Take an Amazon break and save the planet
Everybody should take a two-week break from ordering from Amazon and other online retailers to help make the world a better place to live in.
A British waste and recycling company says that by weening ourselves off our addiction for mail order shopping, we could save tonnes of waste packing, not to mention tonnes of CO2 emissions while safeguarding local jobs.
Cardboard waste collection company Divert.co.uk wants more people to shop locally, rather than relying on an environment-destroying mail order industry.
“We’re talking millions of packages being sent out every single day in this country alone,” says Divert.co.uk spokesperson Mark Hall, “and being a waste company we have to deal with the mind-boggling fall-out”.
What’s the problem?
The Covid pandemic and the ease of buying things with just a couple of clicks has got much of the country used to shopping from home – to the point that it is damaging the environment and other sections of the economy.
Around 90% of Brits are Amazon customers, and the company is now the UK’s largest courier service, accounting for some 15% of the 5.4bn parcels sent in the UK annually.
Each parcel means more packaging going to waste, and another van journey for a courier. That is, according to Divert, wasted resources all over the place – “Especially when the order is for an everyday item which could just have easily been purchased at a local shop,” says Mark Hall.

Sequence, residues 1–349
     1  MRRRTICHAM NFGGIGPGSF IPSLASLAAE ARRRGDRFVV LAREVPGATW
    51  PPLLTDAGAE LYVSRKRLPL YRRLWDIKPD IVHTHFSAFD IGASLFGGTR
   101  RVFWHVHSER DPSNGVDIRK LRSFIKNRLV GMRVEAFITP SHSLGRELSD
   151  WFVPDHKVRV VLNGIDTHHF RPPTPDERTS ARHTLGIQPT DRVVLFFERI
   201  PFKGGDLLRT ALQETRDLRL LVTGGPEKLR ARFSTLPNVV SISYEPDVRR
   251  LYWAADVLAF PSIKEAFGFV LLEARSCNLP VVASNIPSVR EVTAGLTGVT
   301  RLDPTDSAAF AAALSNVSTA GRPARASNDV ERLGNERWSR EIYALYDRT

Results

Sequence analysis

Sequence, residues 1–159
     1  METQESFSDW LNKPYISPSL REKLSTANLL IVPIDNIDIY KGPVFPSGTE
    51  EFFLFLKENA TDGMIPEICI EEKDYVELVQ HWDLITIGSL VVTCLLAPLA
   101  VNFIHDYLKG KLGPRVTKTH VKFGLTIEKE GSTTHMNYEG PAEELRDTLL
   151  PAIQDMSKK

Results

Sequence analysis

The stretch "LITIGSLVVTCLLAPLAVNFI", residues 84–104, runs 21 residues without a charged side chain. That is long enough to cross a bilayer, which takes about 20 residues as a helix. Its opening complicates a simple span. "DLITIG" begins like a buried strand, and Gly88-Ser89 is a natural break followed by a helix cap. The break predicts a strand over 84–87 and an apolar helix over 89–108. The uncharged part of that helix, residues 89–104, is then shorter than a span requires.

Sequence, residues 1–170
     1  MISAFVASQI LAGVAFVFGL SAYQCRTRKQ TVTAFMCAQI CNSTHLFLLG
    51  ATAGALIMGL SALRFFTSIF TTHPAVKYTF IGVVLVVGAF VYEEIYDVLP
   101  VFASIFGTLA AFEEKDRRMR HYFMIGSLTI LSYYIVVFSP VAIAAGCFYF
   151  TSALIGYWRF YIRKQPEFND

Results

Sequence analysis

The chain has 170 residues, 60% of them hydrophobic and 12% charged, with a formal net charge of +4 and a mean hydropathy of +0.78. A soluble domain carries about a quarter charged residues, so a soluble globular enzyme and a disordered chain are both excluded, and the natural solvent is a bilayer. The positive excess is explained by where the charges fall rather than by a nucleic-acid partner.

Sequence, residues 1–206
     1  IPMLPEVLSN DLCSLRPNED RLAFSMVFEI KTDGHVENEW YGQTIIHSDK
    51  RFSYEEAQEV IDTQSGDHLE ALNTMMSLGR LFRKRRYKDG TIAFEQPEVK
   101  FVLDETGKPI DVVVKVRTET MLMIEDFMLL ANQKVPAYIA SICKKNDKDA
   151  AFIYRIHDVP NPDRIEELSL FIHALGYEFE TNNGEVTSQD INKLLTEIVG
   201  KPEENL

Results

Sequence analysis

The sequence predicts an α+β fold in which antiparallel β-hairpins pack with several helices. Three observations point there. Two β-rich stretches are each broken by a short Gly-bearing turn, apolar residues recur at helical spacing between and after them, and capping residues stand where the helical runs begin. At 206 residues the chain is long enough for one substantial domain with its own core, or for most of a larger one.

And Amazon is just one online retailer operating in the UK, with the fast fashion industry equally responsible for tens of millions of parcels, many of which come with plastic packaging which is not easily recycled.
Factor in the news that up to a quarter of all e-commerce purchases are subsequently returned, you are doubling the amount of wasted packaging and CO2 emissions. And that’s before you realise that many returned items – especially clothes – are simply destroyed. Everybody loses.
“If we all took a break from Amazon, Asos and all the rest, we would be saving so many resources,” says Mark Hall. “We’ve got to break this addiction to convenience.”
What’s the plan, then?
Divert.co.uk is nothing if not relentlessly optimistic, and that’s why we are putting the idea of No Mail Order Fortnight out there, otherwise known as AMAZ-NO (if Amazon’s legal people don’t mind).
We want to ask the public to go a whole fortnight without buying anything online.
That will mean a whole lot of pressure taken off a number of things – such as council household waste collections and overflowing bins; not to mention pressure on supply chains and the use of diesel fuel to shift those millions of parcels around the country.
Instead, says Divert.co.uk’s Mark Hall, we should return to our old habits of shopping locally and supporting local businesses.
Many local shopping centres are still far quieter than they should be as society bounces back from the pandemic, and local shops represent something that should be supported, he says.
“This way you’re helping local jobs, while also preventing all that waste of packing and unnecessary delivery journeys.”
And in the case of clothes and shoes shopping, you actually get to try them on before you buy, feel the quality, and see the items without deceptive photography tricking you into an ill-advised purchase.
“That means a far smaller chance of an item being returned and sentenced to landfill,” says Divert.co.uk’s Mark Hall.
It’s a simple message: Give up the mail order to save resources and shop greener.